In an article issued by the Politico this week, it is reported that college students are most affected by requirements imposed on voters, and as such are less likely to cast votes. The Politico states that barriers such as being unable to register, long lines, and voter challenges at the polls prevent a large number of college students from participating in elections. While these barriers prevent or discourage others from voting, one expert, Tova Andrea Wang of The Century Foundation, states that, “Many of the problems that can prevent anyone from voting fall disproportionately hard on students”.
Especially problematic for many students relate to voter identification requirements that are being instituted in many states. Many voters are being required to show picture identification, verifying that the address on their identification matches the address given for registration purposes. A large number of students do not have driver’s licenses, the identification most commonly presented for identification verification purposes. Even those who do possess valid state IDs may be prevented from voting as their identification would most likely contain their home address, an address not matching their campus address they used in registering to vote.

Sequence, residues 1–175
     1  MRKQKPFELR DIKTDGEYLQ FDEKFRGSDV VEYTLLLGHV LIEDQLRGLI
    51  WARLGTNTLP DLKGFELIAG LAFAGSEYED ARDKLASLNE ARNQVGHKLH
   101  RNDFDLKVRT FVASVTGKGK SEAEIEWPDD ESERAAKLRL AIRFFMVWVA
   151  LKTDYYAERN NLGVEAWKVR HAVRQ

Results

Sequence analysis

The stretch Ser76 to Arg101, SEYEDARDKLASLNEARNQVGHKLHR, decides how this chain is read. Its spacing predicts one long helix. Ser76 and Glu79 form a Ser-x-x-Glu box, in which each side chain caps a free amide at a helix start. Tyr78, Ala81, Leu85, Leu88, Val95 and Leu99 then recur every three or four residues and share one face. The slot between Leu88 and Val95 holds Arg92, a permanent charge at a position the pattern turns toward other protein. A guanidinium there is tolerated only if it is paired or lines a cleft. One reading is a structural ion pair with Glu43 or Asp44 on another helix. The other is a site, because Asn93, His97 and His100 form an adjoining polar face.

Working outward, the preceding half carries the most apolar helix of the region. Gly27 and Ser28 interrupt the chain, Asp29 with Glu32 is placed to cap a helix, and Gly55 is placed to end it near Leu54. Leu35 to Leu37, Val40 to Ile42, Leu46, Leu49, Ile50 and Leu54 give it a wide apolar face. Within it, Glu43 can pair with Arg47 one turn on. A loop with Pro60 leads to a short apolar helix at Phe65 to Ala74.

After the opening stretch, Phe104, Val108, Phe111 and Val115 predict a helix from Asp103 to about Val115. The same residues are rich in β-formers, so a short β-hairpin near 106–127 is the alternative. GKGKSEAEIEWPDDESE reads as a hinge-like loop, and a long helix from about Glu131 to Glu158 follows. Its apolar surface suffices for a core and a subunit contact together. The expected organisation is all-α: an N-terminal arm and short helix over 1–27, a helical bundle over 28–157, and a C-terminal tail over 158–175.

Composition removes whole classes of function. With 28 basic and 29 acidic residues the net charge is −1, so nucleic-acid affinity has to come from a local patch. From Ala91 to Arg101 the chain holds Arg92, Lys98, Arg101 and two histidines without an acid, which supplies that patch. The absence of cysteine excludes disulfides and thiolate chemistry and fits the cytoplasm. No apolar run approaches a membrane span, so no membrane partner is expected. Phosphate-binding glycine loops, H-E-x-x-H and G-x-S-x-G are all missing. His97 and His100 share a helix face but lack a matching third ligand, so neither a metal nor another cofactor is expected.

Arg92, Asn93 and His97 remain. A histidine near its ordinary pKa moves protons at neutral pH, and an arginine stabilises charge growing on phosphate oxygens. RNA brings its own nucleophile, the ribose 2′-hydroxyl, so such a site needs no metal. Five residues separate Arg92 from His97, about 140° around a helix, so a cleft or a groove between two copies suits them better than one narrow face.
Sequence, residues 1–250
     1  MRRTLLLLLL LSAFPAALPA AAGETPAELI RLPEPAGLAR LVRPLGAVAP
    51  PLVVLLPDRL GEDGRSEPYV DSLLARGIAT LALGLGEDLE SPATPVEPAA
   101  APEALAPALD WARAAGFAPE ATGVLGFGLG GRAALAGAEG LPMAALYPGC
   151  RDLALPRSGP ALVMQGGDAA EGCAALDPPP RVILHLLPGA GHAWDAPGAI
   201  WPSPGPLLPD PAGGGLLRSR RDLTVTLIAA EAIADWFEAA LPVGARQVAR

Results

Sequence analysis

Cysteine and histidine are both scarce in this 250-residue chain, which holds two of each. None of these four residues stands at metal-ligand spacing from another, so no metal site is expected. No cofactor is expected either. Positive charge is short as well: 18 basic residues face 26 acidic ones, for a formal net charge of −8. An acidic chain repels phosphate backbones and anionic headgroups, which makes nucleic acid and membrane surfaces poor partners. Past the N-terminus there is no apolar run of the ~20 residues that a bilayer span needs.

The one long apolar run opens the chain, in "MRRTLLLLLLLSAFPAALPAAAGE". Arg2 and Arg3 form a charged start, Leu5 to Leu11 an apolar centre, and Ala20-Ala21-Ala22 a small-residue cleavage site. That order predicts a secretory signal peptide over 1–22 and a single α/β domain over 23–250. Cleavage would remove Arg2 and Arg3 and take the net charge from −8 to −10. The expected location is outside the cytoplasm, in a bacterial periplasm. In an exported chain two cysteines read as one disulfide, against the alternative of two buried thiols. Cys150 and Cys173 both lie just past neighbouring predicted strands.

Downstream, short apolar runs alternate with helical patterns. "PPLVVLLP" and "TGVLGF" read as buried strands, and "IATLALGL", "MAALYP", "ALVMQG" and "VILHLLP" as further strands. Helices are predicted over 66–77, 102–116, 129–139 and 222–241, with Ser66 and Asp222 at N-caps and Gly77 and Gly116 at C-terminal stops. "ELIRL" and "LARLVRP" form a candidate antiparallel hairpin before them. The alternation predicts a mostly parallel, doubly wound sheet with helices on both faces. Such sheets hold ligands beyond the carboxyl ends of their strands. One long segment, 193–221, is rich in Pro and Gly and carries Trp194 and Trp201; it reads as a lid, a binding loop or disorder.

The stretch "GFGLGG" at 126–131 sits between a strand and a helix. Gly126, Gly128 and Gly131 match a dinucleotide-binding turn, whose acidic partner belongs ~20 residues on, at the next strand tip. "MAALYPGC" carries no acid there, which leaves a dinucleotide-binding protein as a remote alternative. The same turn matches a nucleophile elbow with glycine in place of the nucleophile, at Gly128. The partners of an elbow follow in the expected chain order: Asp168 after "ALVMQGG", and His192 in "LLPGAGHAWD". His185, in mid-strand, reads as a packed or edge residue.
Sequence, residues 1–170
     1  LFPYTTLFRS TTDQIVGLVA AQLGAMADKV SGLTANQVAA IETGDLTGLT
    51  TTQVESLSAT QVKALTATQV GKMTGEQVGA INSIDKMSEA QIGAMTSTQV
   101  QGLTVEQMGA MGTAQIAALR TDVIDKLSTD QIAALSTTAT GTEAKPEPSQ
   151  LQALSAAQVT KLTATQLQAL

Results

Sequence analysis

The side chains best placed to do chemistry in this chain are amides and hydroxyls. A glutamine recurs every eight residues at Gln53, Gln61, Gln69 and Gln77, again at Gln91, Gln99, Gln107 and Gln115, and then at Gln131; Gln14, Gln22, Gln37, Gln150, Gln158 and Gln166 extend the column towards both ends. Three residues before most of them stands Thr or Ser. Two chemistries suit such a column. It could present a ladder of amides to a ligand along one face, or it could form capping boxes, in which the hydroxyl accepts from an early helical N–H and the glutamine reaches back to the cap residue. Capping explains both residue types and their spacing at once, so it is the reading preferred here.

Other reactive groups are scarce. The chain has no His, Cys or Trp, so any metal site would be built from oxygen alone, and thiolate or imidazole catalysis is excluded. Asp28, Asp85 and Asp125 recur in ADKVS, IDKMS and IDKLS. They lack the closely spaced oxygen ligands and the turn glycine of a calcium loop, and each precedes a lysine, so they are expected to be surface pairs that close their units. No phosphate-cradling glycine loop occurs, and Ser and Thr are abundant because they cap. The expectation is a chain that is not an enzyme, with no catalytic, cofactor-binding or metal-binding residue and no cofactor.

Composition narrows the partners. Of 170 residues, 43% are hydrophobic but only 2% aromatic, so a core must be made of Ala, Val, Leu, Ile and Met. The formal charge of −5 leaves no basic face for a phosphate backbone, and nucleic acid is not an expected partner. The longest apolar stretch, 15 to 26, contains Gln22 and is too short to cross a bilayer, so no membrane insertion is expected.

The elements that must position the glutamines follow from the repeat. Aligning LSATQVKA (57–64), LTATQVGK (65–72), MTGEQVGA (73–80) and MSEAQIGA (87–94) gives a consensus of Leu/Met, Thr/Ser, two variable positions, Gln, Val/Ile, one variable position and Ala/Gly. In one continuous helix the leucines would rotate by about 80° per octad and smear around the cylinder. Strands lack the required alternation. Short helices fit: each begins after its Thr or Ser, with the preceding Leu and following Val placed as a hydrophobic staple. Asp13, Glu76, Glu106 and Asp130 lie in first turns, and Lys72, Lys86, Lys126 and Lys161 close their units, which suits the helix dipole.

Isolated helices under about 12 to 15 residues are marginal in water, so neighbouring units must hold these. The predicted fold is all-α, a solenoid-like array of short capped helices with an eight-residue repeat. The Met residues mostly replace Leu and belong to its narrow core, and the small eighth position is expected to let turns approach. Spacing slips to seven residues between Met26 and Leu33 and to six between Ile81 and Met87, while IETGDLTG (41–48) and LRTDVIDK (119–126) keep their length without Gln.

Another issue has arisen in the dissemination of misinformation. The article points to an instance at Prairie View A&M, where students were informed that they were not eligible to vote in the county. Even without intent to misinform, misunderstandings and/or honest mistakes from the people on campus providing information may cause students to believe they are not eligible to vote on their campuses.
Steps are being undertaken to introduce legislation that would correct many of these problems in time for the 2008 election. Steps are being taken to criminalize the deliberate dissemination of misinformation, and legislation is being considered that would require states to mail registration forms to all students and provide for Election Day registration. In order to encourage voter turnout, the Senate Rules Committee is considering creating a federal holiday for Election Day. These steps are seen as ways to ensure students are given a proper opportunity to participate in the election process and encourage them to do so.